In Berlin’s Neukölln district, a Hindu temple will be completed soon. It will not only be the second-largest one in Europe, but also the most beautiful house of God of them all.
Tourists in Berlin who visit the northernmost part of the city’s large Neukölln district might be surprised. At Hasenheide, a former hare hunting spot that was converted to a park, a nice-looking Hindu temple will come into their sight. The object is under construction, but its tower already impresses passers-by.
In and around Berlin, finishing big construction projects seems to be an issue. The German capital’s new BER Airport in neighboring Brandenburg will be opening on October 31st, 2020, with a slight delay of nine years. One day earlier, on October 30th, the Sri Ganesha Hindu Temple’s topping out ceremony will be taking place, after an even longer delay.
But, in case of the airport, technical aspects and the infamous German bureaucracy are to blame, while a lack of donations was the reason the erection of the temple is taking so long. It will be the most beautiful Hindu temple in Europe, and the second-largest one, right behind the Shri Swaminarayan Mandir in London. There are more Hindu temples in Germany. The Sri Kamadchi Ampal in Hamm, the largest one so far, was completed in 2002. Another one is located in Berlin’s Blaschkoallee. Many other Hindu congregations in Germany use regular buildings.
Entrance Tower Completed
In Berlin, the Sri Ganesha Hindu Temple project would neither have been initiated nor would it have been pursued persistently without Vilwanathan Krishnamurthy from Bangalore who came to West Berlin in 1975 as an alien employee. When he started the temple project in 2007, he was a young man aged 54. Today, less than a year before the inauguration, he still still young at age 67.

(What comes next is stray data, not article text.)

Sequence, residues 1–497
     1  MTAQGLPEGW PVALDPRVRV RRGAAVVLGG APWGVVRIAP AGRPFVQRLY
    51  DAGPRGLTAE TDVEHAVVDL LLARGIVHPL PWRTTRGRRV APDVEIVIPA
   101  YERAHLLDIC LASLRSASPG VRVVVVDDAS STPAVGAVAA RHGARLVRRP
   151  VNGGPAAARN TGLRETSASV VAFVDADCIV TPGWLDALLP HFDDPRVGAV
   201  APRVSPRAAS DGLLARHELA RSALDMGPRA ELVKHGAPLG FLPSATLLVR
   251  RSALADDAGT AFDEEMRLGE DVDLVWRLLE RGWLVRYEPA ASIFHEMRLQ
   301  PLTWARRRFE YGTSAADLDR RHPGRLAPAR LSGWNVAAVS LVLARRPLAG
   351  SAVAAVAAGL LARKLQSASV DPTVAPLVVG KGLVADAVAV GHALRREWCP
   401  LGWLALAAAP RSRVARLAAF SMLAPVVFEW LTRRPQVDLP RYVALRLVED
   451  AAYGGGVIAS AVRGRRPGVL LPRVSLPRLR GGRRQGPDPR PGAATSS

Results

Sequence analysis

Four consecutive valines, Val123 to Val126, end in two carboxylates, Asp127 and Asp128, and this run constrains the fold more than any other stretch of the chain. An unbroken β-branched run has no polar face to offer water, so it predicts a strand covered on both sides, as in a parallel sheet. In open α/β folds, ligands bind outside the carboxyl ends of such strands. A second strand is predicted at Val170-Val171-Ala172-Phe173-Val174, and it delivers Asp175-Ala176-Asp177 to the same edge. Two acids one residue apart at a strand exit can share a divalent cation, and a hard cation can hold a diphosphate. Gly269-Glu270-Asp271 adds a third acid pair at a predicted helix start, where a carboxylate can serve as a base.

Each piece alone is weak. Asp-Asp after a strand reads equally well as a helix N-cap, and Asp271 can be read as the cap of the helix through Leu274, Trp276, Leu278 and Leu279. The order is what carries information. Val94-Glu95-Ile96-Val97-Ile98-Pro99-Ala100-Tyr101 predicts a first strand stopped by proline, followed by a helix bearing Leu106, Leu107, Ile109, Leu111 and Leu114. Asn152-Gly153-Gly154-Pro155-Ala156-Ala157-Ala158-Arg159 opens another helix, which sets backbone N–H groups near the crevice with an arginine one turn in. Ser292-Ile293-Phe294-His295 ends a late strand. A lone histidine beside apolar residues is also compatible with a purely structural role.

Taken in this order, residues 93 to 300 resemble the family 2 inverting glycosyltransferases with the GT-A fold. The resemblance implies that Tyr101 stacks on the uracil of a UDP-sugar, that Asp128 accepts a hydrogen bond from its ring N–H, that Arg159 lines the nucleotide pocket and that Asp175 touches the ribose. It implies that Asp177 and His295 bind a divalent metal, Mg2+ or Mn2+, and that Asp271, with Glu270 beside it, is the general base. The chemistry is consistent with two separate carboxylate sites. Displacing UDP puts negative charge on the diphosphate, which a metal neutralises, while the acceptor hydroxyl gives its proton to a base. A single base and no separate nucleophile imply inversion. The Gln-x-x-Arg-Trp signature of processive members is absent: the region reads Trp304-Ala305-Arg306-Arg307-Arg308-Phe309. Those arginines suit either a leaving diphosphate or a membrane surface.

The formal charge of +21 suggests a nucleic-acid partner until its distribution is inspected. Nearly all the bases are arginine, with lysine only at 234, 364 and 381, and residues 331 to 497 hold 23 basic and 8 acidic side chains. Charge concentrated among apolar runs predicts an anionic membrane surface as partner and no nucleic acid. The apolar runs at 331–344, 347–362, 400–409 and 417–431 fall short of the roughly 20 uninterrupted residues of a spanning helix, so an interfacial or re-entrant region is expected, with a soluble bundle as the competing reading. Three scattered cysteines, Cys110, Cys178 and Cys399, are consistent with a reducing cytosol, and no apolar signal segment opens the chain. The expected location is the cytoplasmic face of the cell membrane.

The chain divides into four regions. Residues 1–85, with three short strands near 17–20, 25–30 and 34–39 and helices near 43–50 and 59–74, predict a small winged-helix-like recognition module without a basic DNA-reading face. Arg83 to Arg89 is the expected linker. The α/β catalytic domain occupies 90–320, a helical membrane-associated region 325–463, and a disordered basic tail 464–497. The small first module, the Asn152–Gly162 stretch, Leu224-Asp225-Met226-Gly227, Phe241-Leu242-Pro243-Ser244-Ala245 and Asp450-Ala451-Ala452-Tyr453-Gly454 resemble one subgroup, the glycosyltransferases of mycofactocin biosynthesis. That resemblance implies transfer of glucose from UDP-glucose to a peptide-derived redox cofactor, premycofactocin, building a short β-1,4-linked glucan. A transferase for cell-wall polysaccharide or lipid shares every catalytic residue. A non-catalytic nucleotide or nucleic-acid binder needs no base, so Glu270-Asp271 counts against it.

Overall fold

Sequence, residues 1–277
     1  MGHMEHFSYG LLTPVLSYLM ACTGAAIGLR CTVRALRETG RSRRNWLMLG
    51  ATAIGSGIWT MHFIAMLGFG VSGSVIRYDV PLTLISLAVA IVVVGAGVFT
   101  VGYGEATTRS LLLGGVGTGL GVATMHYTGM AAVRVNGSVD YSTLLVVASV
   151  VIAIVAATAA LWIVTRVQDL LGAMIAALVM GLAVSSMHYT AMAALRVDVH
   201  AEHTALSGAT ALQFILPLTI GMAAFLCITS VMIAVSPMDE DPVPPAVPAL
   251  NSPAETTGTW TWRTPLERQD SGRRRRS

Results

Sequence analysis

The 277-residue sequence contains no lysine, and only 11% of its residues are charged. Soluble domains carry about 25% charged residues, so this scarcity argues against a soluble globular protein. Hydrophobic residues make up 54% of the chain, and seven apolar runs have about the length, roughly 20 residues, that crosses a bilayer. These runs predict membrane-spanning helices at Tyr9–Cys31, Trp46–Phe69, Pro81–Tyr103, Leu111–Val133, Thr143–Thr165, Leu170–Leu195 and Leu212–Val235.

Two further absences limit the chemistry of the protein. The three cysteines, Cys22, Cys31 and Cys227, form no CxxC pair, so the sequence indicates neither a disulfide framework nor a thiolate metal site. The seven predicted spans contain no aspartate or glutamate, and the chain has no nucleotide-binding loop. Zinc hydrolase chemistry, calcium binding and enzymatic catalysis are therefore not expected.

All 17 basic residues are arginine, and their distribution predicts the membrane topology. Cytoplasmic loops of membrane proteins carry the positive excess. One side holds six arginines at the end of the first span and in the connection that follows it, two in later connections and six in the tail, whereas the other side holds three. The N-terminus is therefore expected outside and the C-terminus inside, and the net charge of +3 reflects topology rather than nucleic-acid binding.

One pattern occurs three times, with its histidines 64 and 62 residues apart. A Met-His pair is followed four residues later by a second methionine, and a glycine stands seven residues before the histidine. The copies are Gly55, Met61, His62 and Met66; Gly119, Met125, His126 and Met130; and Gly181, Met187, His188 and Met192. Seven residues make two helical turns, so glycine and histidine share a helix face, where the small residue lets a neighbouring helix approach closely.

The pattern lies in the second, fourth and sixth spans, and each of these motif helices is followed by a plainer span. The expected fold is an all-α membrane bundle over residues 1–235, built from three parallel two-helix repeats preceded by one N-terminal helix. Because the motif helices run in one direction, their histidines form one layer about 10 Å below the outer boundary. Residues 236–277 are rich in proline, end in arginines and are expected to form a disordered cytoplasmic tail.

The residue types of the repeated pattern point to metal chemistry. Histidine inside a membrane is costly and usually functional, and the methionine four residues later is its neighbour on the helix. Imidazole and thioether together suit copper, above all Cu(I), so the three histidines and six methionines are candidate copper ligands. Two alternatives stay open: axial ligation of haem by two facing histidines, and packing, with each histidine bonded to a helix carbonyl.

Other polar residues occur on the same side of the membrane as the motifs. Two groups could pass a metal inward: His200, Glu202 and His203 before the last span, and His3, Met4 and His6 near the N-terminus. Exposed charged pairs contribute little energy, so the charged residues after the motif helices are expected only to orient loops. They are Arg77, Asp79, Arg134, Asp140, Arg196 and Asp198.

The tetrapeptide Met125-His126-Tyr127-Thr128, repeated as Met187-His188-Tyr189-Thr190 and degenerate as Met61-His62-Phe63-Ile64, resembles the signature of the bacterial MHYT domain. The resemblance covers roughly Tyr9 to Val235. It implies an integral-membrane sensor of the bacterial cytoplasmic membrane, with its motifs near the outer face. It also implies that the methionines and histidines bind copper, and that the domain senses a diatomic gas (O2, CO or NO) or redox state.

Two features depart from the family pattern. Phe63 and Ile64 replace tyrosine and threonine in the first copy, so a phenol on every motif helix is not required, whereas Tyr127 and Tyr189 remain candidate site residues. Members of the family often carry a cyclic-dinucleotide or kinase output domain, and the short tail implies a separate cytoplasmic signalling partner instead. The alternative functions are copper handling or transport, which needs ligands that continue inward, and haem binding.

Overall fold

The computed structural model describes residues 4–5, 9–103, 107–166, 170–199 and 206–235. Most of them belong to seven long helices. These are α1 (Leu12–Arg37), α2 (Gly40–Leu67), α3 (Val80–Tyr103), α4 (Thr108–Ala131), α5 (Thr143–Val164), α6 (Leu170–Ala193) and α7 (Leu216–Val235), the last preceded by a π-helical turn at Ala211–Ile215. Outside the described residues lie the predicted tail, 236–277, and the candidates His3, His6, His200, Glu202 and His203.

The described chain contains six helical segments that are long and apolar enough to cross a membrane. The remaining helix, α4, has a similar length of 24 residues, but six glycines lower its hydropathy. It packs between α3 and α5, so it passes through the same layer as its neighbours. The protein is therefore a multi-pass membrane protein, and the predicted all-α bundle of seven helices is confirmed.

This past weekend, it was obvious that there was no lack of incoming donations at this stage, when trucks delivered two construction machines and several volunteers were busy continuing the construction of the temple’s main building. The Gopuram, or entrance tower, was already completed. Its scaffolding disappeared two weeks ago. A building that will be constructed around the Gopuram and the entrance to the main building, the third part of the project, is yet to come.
Energy and Wisdom
It is the stunning beauty of the Gopuram that catches the eye of the beholder. Countless white and golden figures are decorating it in front of blue and golden backgrounds. The wonderful blue tone that was chosen for the tower’s lower part definitely adds to its attractiveness. One thing is certain: All members of the congregation, the Hindu God Ganesha who is being honored here, and any visitors will love this temple. Ganesha, the God for energy and wisdom, can be identified by its elephant head.
Vilwanathan Krishnamurthy, the iniator and project manager with a bindi on his forehead, is a very kind – and busy – man. He is responsible for everything, meaning he deals with the bureaucracy, the truck drivers, the builders, the planning and the visitors who hit his construction site. He has also worked on the temple with his own hands a lot. There were times when he worked on his life project alone, without any help.
The inauguration would take place on March 28th, 2021, Krishnamurthy told The Berlin Spectator. Only his persistence, patience and resolve brought the beautiful temple to today’s advanced status. Located between a crowded shopping center, gambling halls and the park, it will be a magnet to part of Berlin’s relatively large Hindu community with about 7,000 members. In Germany, there are a total of 100,000 Hindus.
In order to get the premises, Krishnamurthy signed a hereditary lease with the city of Berlin, something he would most likely not get anymore in today’s world with its skyrocketing real estate prices. The spit took place in 2007. Three years alter, the actual construction commenced. But it needed to be paused all the time, when the flow of donations receded.
To the Hindu congregation, integration is important. So is helping refugees. This kind of approach is a welcomed contrast to extremists from other religions and brutal family clans the Neukölln district and the city state of Berlin are forced to deal with every day. Aggression, crime and disrespect meet friendliness, social work and respect for everyone.
By the way: The publication you are reading, The Berlin Spectator, was established in January of 2019. We have worked a whole lot, as you can see. But there has hardly been any income.
As of May 7th, 2020, we made an average of 74 Euro per month since starting the project, which is far from enough.
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